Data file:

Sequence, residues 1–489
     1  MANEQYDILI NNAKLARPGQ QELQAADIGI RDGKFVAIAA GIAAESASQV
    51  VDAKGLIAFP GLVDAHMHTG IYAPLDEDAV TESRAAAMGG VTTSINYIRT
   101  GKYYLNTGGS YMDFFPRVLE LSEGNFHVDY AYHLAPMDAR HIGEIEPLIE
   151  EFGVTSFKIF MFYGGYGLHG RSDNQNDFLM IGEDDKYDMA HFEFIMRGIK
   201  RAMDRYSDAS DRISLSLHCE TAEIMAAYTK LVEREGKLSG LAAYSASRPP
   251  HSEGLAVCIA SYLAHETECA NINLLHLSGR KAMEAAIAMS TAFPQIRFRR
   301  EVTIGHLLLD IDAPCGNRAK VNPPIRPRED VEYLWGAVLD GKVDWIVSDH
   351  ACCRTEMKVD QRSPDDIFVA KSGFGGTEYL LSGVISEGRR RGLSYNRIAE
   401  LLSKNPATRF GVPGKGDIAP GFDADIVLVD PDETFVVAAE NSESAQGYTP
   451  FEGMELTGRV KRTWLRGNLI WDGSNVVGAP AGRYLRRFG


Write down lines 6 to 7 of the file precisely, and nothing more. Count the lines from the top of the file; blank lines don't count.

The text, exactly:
   201  RAMDRYSDAS DRISLSLHCE TAEIMAAYTK LVEREGKLSG LAAYSASRPP
   251  HSEGLAVCIA SYLAHETECA NINLLHLSGR KAMEAAIAMS TAFPQIRFRR